She SAID: Confessions Of a Yoga Teacher (Trainee)

Shahada Karim

omFor the first time in what seems like forever, I’m doing absolutely nothing of any significance. I just polished off a plate of Curry Mifun Noodles, and I’m watching some horrible movie with Sylvester Stallone and the former Governor of California about some old dudes in some prison on a ship. It is truly awful. But to be honest, I’d rather not be doing anything else at the moment.

I’ve officially graduated from Yoga Teacher Training, and now I’m supposed to take my certificate and go out into the big wide world and teach yoga. But I’m not ready to do that just yet. For this moment… for at least this moment… I’d like to take a second to breathe.

This all began on a fluke; I was taking a class from a CorePower Teacher that I truly love and respect… and she casually suggested Teacher Training. It stuck. So I said yes, and I signed up without fully realizing what I was in for. The schedule was easy enough. Two meetings twice a week, and a crap-ton of yoga classes in between. I figured I’d learn some poses, pick up some Sanskrit, and maybe lose a couple of pounds. What the hell… I was up for the challenge.

It turned out to be so much more. At the risk of sounding ridiculously clichéd, it changed my life. I hear the other teachers talk about it now, and I see the skepticism on their student’s faces, and I get it. I was cynical about it too, convinced it was part of the company rhetoric… some sinister way to simply reel in more money. For one thing, Teacher Training is NOT cheap. And some studios insist that you be paid up before the first class ever starts. Things get too tough for you? Too bad! You may not have a refund (at least no refund of your very large deposit), so either suck it up or drop out. The money stays with the studio. But CorePower reached out to my class with all manner of opportunities to get the most out of our training. Some students paid up right away, while others went on payment plans or did YFT (yoga for trade) to get through the program without ending up on the streets. This impressed me, and softened me to the idea of learning more.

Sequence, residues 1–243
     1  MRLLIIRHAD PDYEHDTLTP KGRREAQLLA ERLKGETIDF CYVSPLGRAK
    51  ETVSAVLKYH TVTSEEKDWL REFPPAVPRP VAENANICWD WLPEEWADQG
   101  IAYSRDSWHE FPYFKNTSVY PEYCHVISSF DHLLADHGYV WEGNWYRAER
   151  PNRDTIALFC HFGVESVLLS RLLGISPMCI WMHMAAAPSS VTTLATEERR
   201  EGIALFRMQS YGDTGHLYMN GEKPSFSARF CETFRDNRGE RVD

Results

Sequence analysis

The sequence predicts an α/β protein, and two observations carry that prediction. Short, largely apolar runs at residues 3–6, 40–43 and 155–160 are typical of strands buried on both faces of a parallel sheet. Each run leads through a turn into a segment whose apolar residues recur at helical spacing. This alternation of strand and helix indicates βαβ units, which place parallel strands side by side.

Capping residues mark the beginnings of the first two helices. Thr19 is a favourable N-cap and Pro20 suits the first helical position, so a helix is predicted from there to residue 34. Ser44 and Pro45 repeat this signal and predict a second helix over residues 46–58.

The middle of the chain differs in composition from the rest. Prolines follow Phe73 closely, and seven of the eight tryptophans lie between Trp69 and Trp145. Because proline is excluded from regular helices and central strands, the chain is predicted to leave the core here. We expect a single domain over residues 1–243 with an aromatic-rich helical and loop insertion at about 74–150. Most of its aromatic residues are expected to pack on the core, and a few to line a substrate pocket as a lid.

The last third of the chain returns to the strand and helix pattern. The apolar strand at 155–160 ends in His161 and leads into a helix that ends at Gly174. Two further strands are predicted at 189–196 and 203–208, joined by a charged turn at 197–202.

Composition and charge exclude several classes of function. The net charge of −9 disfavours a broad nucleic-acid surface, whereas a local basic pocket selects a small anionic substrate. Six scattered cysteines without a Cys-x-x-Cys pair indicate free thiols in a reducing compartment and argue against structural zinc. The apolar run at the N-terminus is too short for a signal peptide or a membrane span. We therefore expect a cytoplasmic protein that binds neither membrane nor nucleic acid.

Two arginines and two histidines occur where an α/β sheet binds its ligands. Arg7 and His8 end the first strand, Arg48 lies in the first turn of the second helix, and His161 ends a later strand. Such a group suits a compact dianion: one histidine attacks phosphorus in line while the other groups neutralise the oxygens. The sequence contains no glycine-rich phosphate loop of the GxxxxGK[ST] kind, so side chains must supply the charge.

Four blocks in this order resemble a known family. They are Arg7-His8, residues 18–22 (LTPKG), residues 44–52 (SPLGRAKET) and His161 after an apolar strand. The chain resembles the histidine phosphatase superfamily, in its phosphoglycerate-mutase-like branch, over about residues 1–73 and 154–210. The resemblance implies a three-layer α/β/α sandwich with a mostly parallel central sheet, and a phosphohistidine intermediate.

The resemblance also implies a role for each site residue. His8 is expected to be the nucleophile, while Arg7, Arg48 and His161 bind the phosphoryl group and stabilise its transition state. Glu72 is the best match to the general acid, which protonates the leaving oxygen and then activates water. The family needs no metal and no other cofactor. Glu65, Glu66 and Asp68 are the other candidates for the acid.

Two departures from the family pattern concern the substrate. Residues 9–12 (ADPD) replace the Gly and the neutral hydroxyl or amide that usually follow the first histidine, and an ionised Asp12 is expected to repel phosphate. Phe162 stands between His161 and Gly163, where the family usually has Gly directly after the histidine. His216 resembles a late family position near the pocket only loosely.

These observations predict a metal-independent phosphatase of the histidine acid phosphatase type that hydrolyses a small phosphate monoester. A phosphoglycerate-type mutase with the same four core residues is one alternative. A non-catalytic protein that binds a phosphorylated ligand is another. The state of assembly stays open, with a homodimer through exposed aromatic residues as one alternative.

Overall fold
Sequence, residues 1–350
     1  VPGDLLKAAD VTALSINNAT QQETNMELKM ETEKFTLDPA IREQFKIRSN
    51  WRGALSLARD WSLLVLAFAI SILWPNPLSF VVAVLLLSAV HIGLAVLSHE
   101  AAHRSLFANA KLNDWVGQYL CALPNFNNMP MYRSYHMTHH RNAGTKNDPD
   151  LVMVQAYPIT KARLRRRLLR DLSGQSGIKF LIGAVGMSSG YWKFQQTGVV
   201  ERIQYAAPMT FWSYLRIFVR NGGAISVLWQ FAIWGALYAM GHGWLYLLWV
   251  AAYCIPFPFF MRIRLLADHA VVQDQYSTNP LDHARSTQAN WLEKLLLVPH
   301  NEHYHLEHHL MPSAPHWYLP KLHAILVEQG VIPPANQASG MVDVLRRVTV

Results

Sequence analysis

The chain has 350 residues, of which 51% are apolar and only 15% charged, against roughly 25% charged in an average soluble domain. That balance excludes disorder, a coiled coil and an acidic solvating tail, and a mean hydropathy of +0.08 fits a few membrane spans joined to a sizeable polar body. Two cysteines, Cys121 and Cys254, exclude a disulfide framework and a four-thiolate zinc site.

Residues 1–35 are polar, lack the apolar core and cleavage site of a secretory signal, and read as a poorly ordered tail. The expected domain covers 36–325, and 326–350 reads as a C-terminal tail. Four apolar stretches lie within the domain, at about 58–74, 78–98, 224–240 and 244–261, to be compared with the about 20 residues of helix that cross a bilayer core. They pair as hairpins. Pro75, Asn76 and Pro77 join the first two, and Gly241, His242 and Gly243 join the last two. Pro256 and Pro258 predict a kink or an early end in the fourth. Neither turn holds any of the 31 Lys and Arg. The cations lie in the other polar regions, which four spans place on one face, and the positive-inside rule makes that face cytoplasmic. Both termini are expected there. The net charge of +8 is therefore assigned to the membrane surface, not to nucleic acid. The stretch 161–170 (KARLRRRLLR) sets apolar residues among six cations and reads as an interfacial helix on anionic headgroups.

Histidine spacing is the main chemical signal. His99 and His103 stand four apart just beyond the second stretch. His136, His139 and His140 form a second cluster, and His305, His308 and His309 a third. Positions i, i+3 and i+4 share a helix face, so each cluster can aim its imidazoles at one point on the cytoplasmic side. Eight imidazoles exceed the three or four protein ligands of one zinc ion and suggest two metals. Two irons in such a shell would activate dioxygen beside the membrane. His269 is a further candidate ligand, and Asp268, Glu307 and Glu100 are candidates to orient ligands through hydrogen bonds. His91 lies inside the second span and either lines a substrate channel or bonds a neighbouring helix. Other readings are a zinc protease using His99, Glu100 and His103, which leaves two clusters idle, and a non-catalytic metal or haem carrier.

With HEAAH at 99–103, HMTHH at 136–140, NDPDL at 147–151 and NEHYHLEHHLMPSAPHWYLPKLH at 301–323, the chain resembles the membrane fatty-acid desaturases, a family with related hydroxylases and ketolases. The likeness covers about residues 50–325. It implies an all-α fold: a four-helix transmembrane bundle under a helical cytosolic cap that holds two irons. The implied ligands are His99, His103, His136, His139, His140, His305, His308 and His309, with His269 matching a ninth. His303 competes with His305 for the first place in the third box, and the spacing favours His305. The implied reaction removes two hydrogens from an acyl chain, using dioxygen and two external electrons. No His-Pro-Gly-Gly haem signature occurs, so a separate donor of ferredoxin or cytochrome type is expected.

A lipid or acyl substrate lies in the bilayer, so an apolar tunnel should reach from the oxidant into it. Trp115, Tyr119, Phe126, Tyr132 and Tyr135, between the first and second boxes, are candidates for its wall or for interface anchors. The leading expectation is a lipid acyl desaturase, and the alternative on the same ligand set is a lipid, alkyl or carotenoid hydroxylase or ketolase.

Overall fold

During our training, ideas and lessons snuck up on me in ways that you cannot imagine. The first thing I learned was that becoming a yoga teacher is lot more involved than a few poses and fancy Sanskrit terms. There’s Anatomy, CPR training (and certification), business lectures, insurance… the works. I took an outside class, and suddenly all the stuff I’d been frantically scribbling down in my notebook took tangible shape. I could ‘see’ the way that teachers taught, and I could see what my teacher trainers meant when they instructed us to use certain cues and postures. Yoga became increasingly easier for me to practice. I closed my eyes and started feeling the postures, instead of checking the mirror to see how I looked in them. I started forgiving myself for not being able to do the most advanced expression of the postures, and cheering for those who could. The competitor in me fell away (one of my trainers often says that you cannot ‘win’ at yoga), and I began to open to the possibility of being my best self. My practice became stronger, and opened me up to the potential of doing more… of becoming more.

“Our deepest fear is not that we are inadequate. Our deepest fear is that we are powerful beyond measure.” -Marianne Williamson

My mind continues to race with possibilities and poses and ideas that I’m convinced will make the world a better place. I’m idealistic that way. There is so much that I want to do… to see… to experience…

But not tonight.

Tonight I will watch a bad movie, indulge in spicy noodles, and lie in Savasana until the sun rises tomorrow.  Namaste.


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